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About Quarterly Taxes

Hey, business owner — we know you’re busy, but do you have a minute to talk?

As an entrepreneur, you know how difficult it can be managing everything on your plate. From overseeing day-to-day operations to conceptualizing your marketing strategy, there are countless moving parts in the machine that is your business.

But, if there’s anything you let fall to the wayside, don’t let it be your taxes. Below, we’ll tell you a few things business owners need to know about quarterly taxes.

1. Keeping up with quarterly payments will prevent you from paying steep penalties.

Many new business owners don’t realize that paying quarterly tax deposits can save them from a lot of grief later on. It can be strange transitioning from working as a salaried employee who files taxes once a year to a business owner who’s responsible for new financial responsibilities. But it’s important to stay on top of what you owe the government throughout the year.

2. Stay organized by maintaining a file for each quarter.

Quarterly payments are usually due around April 15, June 15, September 15, and January 15. (Exact dates will vary by a few days depending on the calendar year). Keeping financial records organized by each quarter will give you a better idea of how much cash to set aside for those quarterly payments. It’s also wise to keep payment due dates in a calendar equipped with electronic notifications for added peace of mind.

Even better, hiring professionals who specialize in assisting business owners with such tasks will ensure you don’t miss a deadline or pay more than you owe.

3. How to calculate what you owe each quarter:

Taxes can be a complicated, tricky beast. As such, there are a few different ways to calculate how much your business needs to pay Uncle Sam.

– Form 1040-ES: This form includes a worksheet that can help calculate quarterly payments for sole proprietors, partners, S-corporation shareholders, and/or self-employed individuals.

– Form 1120-W: This form is generally used to calculate quarterly payments for corporations.

Because every business (and business owner) may find itself in a unique financial situation depending on any number of factors, hiring an experienced CPA will be worth every penny. Afterall, no one wants to accidentally overpay taxes — or worse — find themselves in trouble with the IRS.

4. Not sure how to submit your quarterly tax payments? There are a few ways.

The IRS gets a bad rap, but at least they offer a little flexibility when it comes to how you choose to make your quarterly payments.

– You can pay online through the Electronic Federal Tax Payment System, which the IRS says is the best option for businesses.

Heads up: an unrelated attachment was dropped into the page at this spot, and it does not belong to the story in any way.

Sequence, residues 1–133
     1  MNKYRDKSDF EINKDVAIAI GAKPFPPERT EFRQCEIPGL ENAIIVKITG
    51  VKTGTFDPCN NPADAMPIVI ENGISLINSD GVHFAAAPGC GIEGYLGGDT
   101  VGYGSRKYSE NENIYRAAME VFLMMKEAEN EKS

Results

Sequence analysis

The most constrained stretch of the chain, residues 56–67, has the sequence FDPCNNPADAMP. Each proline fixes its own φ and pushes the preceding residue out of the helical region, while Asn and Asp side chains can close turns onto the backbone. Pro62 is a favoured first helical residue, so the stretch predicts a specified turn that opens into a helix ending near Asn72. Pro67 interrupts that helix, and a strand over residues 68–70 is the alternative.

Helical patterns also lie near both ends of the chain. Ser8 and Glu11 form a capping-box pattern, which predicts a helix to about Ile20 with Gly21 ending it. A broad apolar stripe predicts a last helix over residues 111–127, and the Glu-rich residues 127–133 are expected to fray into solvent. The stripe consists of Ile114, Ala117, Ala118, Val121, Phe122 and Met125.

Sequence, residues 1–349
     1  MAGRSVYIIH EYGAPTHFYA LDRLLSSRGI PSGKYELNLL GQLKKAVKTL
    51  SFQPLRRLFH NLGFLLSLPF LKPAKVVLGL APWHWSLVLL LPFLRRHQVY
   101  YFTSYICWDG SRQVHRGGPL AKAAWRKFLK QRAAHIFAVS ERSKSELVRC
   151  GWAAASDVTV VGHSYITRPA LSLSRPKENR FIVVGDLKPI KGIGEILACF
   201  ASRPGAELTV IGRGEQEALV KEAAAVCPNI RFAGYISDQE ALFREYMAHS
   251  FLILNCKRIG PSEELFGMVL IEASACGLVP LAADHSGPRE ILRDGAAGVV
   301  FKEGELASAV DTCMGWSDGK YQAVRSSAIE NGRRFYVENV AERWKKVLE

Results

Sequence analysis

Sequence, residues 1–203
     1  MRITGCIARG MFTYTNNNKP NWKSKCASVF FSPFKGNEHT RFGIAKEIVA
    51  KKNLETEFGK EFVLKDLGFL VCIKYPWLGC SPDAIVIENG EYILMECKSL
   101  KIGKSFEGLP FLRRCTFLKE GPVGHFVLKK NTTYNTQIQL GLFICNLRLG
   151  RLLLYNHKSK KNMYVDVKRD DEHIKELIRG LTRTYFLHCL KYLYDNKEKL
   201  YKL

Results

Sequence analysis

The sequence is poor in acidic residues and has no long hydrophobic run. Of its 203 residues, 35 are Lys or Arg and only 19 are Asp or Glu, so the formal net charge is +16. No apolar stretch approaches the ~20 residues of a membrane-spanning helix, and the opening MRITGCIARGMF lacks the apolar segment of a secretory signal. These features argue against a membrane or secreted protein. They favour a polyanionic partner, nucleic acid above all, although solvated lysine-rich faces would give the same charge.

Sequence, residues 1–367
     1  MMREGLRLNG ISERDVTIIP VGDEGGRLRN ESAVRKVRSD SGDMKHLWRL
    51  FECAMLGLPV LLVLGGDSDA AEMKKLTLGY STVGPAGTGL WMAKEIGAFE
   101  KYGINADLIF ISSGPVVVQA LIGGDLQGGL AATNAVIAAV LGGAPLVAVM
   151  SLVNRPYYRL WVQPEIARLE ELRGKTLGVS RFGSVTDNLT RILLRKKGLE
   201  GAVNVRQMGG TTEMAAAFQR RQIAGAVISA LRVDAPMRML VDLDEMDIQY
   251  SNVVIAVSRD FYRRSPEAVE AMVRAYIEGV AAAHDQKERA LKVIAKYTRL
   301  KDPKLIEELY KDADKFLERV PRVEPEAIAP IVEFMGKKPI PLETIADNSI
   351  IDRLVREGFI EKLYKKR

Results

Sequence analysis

– You can pay using the IRS2Go app, which will instantly confirm your payment for you.

– And, of course, you can always pay the good ol’ fashioned way — by phone or mail.

5. You can be penalized for missing payment deadlines.

Although it probably comes as no surprise, failing to make your quarterly tax deadlines can land you in trouble with the IRS. Underpayment penalties are based on your income, the amount of money withheld, and many other factors. While there is an appeals process for penalties incurred, nobody wants to find out that they may not be in good standing with the IRS.

IRS fines can be devastating for a business. To avoid any penalties, it’s best to stay on top of your business’ taxes with diligence. Double-check your expected payments often (especially if your income fluctuates) and always submit your payments as early as possible.

The Bottom Line

If you’re unsure, the safest bet is to call a professional. Even if you consider yourself to be a tax whiz, at the very least you’ll save yourself a headache and give yourself more time to focus on your business.

If you’re running a new business, you may need to consult with a tax professional who can help guide you through the tax process from square one. Although managing your business finances can seem a little daunting, you should never put off financial preparations until the last minute. There are even certain self-employed individuals who may be exempt from paying quarterly taxes and certain professions (like farmers and fishermen) that follow different guidelines.

Need help planning and managing your taxes?

Pine & Company CPAs can guide you through the process every step of the way. Even better, using their services will likely save you money in the long-run.

Fill out the online form or give Pine & Company CPAs a call today!